Motocross is a growing sport, and you may be surprised to hear it doesn't have to cost you a fortune. How to start riding on a budget.

Motocross is everywhere these days—even the Olympics. But you’re likely thinking, there’s no way to get involved without spending a ton of money, after all, you’re pretty much riding an off-road motorcycle.

Well, if you know where to cut costs, you won’t have to spend nearly as much as the pros and you can still win some races.

Buying a bike

If you’re a mechanic, know a mechanic willing to volunteer their time, or are willing to teach yourself basic some basic skills, you could save thousands of dollars building or fixing up your own bike.

Craigslist is going to be your best friend when it comes to finding a used bike. Chances are you’ll probably have to pay in the $1,000 range for a bike that’s actually worth fixing up and then you’ll need to spend a couple hundred getting parts. That’s a lot less than it would cost to buy a brand new bike, though!

Here’s the ins and outs of figuring out what used bike to get (dirtbike and motocross bike are not necessarily the same thing).

As time goes on, it’ll help your wallet if you learn how to do basic maintenance yourself. You’ll want to keep up with maintenance as frequently as possible. This will reduce the likelihood that you’ll have to do a costly, major repair.

Entering races

Most of the point of motocross is to compete in races, which comes at a price. Each race has an entry fee that’s used to pay for upkeep and emergency services at the track (both of which are important, so don’t complain too much about the extra fee).

The fee typically ranges from $30-$50, but the price decreases with season passes. 


Membership fees, which you’ll need to pay to race in any sort of series, tend to hover around the $75-$100 range (at least based off of all the New England members).

What equipment will you need?

Your helmet and boots are going to be the costliest equipment, but they aren’t items you can skimp on. Motocross is a dangerous sport and without the right equipment you’ll be paying more in hospital and doctor bills than you would buying good safety gear.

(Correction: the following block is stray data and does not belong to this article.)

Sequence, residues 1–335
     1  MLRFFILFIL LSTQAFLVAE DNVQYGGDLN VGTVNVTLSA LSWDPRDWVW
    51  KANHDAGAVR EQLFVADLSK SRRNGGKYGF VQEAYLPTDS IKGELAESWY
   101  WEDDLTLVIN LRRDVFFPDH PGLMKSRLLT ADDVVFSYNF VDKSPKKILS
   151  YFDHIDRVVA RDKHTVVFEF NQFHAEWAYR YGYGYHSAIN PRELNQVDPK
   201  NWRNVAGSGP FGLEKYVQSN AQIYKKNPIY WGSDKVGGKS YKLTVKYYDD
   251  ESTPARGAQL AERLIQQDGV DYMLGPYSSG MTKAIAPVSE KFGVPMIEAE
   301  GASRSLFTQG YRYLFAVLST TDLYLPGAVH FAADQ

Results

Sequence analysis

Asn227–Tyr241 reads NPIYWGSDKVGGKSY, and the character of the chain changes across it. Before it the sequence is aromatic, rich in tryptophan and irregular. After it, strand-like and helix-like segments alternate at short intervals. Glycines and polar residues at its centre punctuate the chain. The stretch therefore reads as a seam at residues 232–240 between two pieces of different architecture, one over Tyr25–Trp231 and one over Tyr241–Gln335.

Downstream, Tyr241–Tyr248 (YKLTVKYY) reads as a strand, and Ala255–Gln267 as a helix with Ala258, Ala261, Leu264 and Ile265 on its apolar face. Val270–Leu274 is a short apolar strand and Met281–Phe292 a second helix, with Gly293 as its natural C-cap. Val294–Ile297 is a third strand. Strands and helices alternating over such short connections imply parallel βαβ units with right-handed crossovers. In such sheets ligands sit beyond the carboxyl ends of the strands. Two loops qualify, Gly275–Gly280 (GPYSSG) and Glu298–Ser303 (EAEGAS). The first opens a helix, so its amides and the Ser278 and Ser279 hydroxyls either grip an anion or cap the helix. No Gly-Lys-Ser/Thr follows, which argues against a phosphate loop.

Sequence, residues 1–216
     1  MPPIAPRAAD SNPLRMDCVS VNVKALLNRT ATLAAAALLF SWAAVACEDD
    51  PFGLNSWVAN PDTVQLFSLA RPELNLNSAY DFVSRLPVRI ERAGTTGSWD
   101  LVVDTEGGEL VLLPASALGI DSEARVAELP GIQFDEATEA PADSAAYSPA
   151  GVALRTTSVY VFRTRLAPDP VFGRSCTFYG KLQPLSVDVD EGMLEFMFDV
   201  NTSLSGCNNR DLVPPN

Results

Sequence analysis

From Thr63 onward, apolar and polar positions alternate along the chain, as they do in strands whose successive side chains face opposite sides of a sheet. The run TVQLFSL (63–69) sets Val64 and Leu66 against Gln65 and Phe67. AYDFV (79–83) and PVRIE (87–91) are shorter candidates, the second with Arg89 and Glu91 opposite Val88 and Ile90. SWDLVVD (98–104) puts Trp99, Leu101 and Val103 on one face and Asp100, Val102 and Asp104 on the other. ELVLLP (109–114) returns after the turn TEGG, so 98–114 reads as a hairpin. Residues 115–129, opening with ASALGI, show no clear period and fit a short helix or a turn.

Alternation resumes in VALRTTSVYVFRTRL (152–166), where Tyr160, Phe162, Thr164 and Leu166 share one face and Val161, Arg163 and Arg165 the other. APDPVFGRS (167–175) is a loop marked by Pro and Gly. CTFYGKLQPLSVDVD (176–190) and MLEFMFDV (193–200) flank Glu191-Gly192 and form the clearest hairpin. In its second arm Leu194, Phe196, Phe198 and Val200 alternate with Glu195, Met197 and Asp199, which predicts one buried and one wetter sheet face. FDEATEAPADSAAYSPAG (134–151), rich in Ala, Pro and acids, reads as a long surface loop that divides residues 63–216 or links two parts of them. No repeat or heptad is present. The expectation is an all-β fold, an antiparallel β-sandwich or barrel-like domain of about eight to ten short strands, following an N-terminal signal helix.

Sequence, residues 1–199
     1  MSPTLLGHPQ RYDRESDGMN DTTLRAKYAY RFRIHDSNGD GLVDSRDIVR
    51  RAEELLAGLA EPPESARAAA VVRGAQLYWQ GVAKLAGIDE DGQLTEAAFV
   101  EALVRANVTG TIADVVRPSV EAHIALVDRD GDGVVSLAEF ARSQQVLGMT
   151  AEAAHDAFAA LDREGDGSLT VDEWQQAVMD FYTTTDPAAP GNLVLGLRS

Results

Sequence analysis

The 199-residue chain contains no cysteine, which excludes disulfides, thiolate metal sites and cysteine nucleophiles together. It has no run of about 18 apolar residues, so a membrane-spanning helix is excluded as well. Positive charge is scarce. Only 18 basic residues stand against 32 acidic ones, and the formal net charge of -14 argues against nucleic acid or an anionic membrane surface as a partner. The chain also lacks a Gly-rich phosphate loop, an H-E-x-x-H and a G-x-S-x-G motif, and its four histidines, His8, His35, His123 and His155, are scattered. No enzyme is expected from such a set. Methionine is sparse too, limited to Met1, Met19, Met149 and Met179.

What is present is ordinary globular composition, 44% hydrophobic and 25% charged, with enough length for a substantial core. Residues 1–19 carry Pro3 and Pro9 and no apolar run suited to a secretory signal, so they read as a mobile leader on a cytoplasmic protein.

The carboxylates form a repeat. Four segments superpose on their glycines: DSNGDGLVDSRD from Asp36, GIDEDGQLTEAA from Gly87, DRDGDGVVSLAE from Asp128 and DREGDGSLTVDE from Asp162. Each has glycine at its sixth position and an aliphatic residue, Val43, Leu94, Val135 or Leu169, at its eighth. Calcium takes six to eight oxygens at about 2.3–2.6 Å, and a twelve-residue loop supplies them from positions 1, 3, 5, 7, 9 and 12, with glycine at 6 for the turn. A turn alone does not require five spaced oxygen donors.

Boots and helmets together can range from $150-$400 dollars (on the cheap side) so that’s why it’s best to save on the bike itself.

Here’s some of the best boots to buy on a budget. If you’re less of a serious racer, buying boots used could work, but really isn’t the best idea as there may be some damage that isn’t visible. As for helmets, never buy a helmet used! You don’t want to take any chances that it’s too loose or has undergone serious damage.


If you want to be a serious motocross racer look out for sponsors! They pay big money to get their brand name on your bike and equipment.

Your local motorsports shops, as well as larger companies, often offer sponsorships you can apply for. You’ll have to give them your race results and write up a letter. Prepare yourself for rejection, though. Until you get some races under your belt and win a majority of them, don’t expect to immediately find a sponsor.


If you find you really enjoy motocross and you dedicate a good amount of time learning to do maintenance and finding sponsors, you’ll be amazed how little it may cost you to ride.

Read more

Related Tools

About the author

Total Articles: 103
Christopher Murray is a professional personal finance and sustainability writer who enjoys writing about everything from budgeting to unique investing options like SRI and cryptocurrency. He also focuses on how sustainability is the best savings tool around. You can find his work on sites like MoneyGeek, Money Under 30, Investor Junkie, MoneyCrashers, and Time. You can find out more about Christopher on his website or via LinkedIn.